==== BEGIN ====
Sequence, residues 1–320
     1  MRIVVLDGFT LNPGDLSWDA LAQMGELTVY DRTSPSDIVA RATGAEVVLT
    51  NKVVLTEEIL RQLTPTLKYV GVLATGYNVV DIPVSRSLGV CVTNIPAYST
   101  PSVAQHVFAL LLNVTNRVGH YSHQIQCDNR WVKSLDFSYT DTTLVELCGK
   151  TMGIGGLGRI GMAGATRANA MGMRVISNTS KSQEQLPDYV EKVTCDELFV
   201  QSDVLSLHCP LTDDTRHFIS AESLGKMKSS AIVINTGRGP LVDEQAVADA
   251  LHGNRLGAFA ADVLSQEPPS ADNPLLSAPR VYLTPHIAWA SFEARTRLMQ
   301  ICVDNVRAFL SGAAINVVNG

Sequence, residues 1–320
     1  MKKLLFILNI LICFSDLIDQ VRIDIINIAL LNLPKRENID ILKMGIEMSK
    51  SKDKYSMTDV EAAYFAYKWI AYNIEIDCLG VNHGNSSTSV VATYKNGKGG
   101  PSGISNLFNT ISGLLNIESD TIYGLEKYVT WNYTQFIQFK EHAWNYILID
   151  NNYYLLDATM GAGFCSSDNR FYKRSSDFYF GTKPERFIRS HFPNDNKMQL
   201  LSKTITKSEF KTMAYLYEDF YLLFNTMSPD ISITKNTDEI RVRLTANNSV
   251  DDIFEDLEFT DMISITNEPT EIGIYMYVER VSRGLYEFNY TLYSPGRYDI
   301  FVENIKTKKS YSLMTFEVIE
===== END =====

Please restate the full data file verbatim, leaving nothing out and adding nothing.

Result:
Sequence, residues 1–320
     1  MRIVVLDGFT LNPGDLSWDA LAQMGELTVY DRTSPSDIVA RATGAEVVLT
    51  NKVVLTEEIL RQLTPTLKYV GVLATGYNVV DIPVSRSLGV CVTNIPAYST
   101  PSVAQHVFAL LLNVTNRVGH YSHQIQCDNR WVKSLDFSYT DTTLVELCGK
   151  TMGIGGLGRI GMAGATRANA MGMRVISNTS KSQEQLPDYV EKVTCDELFV
   201  QSDVLSLHCP LTDDTRHFIS AESLGKMKSS AIVINTGRGP LVDEQAVADA
   251  LHGNRLGAFA ADVLSQEPPS ADNPLLSAPR VYLTPHIAWA SFEARTRLMQ
   301  ICVDNVRAFL SGAAINVVNG

Sequence, residues 1–320
     1  MKKLLFILNI LICFSDLIDQ VRIDIINIAL LNLPKRENID ILKMGIEMSK
    51  SKDKYSMTDV EAAYFAYKWI AYNIEIDCLG VNHGNSSTSV VATYKNGKGG
   101  PSGISNLFNT ISGLLNIESD TIYGLEKYVT WNYTQFIQFK EHAWNYILID
   151  NNYYLLDATM GAGFCSSDNR FYKRSSDFYF GTKPERFIRS HFPNDNKMQL
   201  LSKTITKSEF KTMAYLYEDF YLLFNTMSPD ISITKNTDEI RVRLTANNSV
   251  DDIFEDLEFT DMISITNEPT EIGIYMYVER VSRGLYEFNY TLYSPGRYDI
   301  FVENIKTKKS YSLMTFEVIE